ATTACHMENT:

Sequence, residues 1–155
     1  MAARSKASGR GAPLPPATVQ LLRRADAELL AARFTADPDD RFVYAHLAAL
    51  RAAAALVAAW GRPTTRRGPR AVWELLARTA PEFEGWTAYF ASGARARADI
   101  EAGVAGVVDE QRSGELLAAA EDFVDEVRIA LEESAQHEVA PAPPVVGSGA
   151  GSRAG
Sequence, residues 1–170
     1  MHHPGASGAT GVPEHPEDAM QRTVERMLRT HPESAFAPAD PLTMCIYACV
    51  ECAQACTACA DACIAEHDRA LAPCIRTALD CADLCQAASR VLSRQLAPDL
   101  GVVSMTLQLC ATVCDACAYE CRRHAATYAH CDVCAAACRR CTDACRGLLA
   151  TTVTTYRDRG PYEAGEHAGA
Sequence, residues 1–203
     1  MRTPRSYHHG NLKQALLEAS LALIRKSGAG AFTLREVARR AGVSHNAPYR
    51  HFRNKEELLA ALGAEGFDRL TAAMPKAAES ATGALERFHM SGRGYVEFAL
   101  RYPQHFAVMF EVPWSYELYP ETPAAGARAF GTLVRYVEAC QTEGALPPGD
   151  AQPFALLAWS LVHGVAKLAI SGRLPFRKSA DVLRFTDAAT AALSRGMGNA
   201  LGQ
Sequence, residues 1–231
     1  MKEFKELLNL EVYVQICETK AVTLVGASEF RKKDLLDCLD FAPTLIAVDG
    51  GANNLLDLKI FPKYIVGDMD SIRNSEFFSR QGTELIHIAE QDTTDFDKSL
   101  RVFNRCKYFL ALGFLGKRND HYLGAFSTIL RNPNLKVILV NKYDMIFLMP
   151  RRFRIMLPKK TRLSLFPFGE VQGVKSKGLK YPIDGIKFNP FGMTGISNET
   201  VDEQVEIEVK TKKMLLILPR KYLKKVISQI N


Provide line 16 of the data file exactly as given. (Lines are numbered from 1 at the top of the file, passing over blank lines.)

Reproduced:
   201  LGQ